Unlike a friendship with one person, communities provide options. You can relate to whom you are drawn and at whatever level is comfortable for you. Although some communities are defined by place (e.g. we live in the same building or “community”), others are defined only by a shared interest, focus, or identity (e.g. we are single). Sex in the City and Seinfeld beautifully illustrated the powerful friendship communities that can develop among single adults. Communities can be stable. They exist whether you show up or not, but when you do show up, people begin to recognize you as a “part of it.”
"Naturally I like my friends," says Jamie- a 35 year old intensive care nurse. "...but increasingly I have begun to value those groups that I hang out with where I am linked to people who are both like me, and not like me- they range from the local park where I walked my dog in the evenings, to the Wednesday night book group where I can count on some lively discussions. I met a lot of new people in my singing group, and was able to take a leadership role which made me feel even more involved. As membership director, I developed even a deeper sense of ‘belonging’.And then there is always Facebook and the coffee shop on my way to work.”
But we can lose our sense of connectedness to communities. If our interests change, we move, or lose a job we may not feel as close. Finally, many single people find that after divorce or a break up they can also lose their community. Jane loved her fiancee’s family; but when they broke up, she mourned the loss of them almost as much as the loss of her fiancée. Communities can also change; gradually, the focus of the group may change- leaving you wondering, "what did I ever have in common with these people?"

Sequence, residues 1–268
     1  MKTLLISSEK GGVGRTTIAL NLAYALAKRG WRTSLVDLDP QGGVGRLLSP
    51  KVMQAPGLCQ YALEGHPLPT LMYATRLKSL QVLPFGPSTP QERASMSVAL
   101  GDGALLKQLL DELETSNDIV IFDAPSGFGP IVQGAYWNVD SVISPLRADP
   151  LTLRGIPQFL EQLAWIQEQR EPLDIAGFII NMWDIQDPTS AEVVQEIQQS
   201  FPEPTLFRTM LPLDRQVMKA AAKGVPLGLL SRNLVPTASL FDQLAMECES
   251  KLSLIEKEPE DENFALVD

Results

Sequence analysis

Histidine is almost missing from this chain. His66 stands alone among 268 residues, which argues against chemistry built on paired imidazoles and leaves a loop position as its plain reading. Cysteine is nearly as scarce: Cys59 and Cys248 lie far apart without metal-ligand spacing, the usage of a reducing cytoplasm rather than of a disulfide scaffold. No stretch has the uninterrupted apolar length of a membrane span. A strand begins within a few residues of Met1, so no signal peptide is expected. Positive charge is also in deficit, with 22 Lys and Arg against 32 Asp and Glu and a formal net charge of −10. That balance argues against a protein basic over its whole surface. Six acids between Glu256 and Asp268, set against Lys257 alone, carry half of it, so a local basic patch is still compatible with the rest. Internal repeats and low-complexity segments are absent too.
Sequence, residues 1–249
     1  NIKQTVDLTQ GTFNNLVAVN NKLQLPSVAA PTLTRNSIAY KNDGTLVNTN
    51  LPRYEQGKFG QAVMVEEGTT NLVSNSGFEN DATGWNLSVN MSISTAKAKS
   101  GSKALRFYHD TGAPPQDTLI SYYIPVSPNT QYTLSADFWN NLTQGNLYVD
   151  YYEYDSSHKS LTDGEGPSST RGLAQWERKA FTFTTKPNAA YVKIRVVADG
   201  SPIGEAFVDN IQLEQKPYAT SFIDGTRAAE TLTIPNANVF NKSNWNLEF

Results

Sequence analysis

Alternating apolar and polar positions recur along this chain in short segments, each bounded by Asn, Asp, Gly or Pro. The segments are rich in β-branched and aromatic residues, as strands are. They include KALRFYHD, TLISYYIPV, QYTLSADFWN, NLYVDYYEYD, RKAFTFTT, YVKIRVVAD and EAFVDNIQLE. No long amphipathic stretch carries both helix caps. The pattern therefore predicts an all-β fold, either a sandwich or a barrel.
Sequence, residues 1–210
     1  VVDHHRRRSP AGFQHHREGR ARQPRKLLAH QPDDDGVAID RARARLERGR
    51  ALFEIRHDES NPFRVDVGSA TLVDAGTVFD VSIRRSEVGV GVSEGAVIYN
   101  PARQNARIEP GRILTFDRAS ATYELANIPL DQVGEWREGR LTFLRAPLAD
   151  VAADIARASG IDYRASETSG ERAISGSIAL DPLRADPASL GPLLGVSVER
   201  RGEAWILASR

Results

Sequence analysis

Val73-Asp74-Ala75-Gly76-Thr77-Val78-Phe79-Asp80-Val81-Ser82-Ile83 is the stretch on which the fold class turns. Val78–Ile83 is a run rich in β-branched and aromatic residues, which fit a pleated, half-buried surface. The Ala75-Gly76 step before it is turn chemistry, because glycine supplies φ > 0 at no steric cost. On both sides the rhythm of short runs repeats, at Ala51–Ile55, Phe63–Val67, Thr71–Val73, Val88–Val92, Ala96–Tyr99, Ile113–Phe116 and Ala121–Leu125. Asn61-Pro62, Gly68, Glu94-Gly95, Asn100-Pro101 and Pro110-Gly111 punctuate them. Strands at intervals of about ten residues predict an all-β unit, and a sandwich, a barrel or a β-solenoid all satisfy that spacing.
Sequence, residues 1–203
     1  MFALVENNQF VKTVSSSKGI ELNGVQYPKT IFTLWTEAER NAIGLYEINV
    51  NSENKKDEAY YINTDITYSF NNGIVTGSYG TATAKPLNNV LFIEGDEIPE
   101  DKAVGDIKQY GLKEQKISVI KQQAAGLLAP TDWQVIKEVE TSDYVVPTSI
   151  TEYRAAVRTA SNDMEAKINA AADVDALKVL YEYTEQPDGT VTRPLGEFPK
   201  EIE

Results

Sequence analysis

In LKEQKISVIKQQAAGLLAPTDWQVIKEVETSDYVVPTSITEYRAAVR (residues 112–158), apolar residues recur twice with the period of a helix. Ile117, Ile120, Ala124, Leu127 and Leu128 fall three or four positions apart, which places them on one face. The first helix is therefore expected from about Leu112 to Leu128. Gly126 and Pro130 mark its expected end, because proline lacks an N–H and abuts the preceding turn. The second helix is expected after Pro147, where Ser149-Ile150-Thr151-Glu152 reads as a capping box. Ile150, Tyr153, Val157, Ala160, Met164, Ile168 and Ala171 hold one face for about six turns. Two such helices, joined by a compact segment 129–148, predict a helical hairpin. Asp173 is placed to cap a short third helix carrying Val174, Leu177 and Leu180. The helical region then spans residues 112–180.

When you have lost your community- it can feel like everything else changes. You can feel lost, afloat, and wonder, “Who am I?”
In clinical practice, we often work with singles in transition. Often they describe feeling disconnected or like they don’t belong. They may feel on the outside of their family, who are all about their younger brother who has kids, or out of synch with their old group of friends who are having babies. After a breakup, you may miss your fiancé, but if you are honest, you may sometimes miss his family more than him!
Singles in transition may attribute their feeling disconnected and alone to being single. This leads to the logical solution that they need to either step up pursuit of THE relationship that will fill this void, or brace themselves for the inevitable conclusion that this is how it will feel as long as you are single.
But the single=isolated/alone myth in fact undermines effective coping and resilience. Disconnectedness does not have to be part of being single, just as feeling connected is not an automatic condition of partnership (just look at all the couples therapist in your local directory!) Even if you are a single person who does want to meet a partner, developing a solid relatedness in community is one of the most effective ways of staying balanced and centered, as you date.